Princes Town corporation chair concedes to protesting vendors

The content originally appeared on: Trinidad and Tobago Newsday

Princes Town market vendors met with officials of the Princes Town regional corporation at themarket, as officials seek to temproraily remove the vendors in order to conduct repairs to the market. –

THE Princes Town Regional Corporation (PTRC) has given way to market vendors, allowing them two more weeks to vend before the market is closed for repairs.

A compromise was reached on Monday morning as Princes Town Market vendors protested the closure of the building, where repairs were due to begin on Monday.

Vendors said they were given notice last Friday to vacate the premises over the weekend, but with no alternative accommodation provided, this was unacceptable.

They asked for repairs to be pushed back to January so they could enjoy Divali and Christmas sales.

They also expressed concern about the time frame in which the repairs would take place and sought a deadline.

Chairman of the PTRC Gowrie Roopnarine met with the 35-plus vendors during their demonstration and said it was all a big misunderstanding. He said the chairman of the market and vendors association was supposed to tell the vendors of the pending repairs and that they would need to vacate the premises long before Saturday. Alternative accommodation would be provided, he said.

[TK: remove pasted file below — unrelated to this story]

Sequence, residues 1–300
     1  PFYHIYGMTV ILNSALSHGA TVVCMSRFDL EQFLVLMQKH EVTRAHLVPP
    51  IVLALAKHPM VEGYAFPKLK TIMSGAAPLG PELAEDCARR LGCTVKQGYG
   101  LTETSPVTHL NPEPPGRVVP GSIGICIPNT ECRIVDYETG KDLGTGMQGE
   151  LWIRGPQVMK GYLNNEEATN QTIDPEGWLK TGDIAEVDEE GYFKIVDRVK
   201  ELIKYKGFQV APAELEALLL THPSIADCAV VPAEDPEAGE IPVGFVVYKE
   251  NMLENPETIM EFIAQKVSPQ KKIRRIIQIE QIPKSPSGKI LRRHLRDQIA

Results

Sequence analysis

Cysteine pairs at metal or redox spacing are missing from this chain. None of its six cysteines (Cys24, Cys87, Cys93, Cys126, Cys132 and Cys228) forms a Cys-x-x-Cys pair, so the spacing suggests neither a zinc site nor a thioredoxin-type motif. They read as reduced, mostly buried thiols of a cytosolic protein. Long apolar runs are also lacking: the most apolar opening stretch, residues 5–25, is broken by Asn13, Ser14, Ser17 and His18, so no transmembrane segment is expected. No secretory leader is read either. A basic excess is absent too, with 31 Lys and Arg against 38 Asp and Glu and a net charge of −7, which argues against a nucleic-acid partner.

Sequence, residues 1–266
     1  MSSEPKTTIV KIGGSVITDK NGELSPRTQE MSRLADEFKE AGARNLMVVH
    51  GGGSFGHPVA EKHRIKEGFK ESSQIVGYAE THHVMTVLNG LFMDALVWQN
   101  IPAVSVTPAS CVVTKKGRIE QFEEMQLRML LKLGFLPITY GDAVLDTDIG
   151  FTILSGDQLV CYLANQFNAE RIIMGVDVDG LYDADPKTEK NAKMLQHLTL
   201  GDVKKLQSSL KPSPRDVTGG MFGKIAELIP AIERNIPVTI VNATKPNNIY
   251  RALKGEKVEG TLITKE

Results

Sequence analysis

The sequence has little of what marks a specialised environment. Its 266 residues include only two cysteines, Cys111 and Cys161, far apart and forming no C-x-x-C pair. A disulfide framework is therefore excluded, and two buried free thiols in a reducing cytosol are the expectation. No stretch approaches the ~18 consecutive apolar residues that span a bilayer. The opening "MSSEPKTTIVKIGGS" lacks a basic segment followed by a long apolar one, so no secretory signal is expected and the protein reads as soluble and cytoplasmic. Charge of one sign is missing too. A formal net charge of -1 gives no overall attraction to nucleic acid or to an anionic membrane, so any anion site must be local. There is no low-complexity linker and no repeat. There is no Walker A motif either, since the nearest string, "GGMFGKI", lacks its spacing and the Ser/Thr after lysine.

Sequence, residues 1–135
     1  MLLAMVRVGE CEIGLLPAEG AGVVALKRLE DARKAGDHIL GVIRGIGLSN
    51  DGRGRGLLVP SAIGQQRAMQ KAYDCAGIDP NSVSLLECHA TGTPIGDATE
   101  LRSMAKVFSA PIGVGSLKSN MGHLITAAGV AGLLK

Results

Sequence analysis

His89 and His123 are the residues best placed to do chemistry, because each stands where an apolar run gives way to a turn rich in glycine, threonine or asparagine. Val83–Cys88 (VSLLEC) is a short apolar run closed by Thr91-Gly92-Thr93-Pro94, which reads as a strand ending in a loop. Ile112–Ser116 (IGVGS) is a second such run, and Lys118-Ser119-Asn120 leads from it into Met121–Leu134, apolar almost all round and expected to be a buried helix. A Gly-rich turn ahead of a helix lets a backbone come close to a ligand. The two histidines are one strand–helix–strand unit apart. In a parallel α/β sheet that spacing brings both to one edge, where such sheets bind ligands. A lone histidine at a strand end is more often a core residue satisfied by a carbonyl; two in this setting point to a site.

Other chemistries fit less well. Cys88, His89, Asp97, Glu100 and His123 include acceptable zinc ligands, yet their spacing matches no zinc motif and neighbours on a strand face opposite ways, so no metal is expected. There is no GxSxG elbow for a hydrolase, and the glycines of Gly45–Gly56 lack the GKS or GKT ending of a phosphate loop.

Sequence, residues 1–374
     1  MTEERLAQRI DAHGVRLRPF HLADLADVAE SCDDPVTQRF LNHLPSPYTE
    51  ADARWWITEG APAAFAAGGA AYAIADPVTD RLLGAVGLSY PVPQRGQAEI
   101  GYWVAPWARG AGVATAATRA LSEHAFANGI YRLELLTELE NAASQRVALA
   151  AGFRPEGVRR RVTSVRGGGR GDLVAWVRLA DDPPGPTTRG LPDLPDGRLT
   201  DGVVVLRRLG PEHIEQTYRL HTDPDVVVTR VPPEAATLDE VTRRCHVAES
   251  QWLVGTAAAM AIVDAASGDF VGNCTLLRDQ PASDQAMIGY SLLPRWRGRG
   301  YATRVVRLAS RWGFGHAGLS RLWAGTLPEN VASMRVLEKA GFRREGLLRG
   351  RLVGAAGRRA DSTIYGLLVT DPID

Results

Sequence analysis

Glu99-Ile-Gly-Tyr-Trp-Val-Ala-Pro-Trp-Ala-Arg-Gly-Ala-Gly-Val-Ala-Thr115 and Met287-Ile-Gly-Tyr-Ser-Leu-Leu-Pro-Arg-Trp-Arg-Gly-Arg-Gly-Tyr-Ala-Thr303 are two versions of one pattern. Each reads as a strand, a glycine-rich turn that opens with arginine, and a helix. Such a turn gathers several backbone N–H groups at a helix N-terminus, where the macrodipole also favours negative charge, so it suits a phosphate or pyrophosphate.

Gowrie gave a commitment to push back the start of repairs to November 5. He said he would monitor the contractor and liaise with the corporation’s engineer to ensure the work is confined to a one-month period, weather permitting.

To vendors asking why repairs were being done now, Roopnarine said some things are not in the corporation’s control.

“This project, to repair ceilings, floors, stairs and general repairs, was estimated at a cost of $500,000.

“Any project over $300,000 must be awarded by the Central Tenders Board (CTB). This project was awarded by the CTB, so we had no control in the timing of the award.”

He explained, “If we wait until January, the way the costs of building materials are increasing, the contractor may not be able to do the work for the price it was awarded. If this happens, the corporation will not have the funding to continue this project, so both the corporation and the vendors would lose.”

After his intervention, the vendors agreed to sacrifice for a month and continue vending outside the old market. Hairdressers and other small businesses who rent booths on the upper floor of the market have agreed to take the month off to facilitate repairs.

Activist Umar Abdullah, who intervened on behalf of the vendors, said Roopnarine was able to allay the concerns of the vendors and they had reached a workable resolution.

He hopes the repairs are completed within the stipulated month, as the alternative location will not provide shelter from the elements, safety and storage for the vendors’ produce.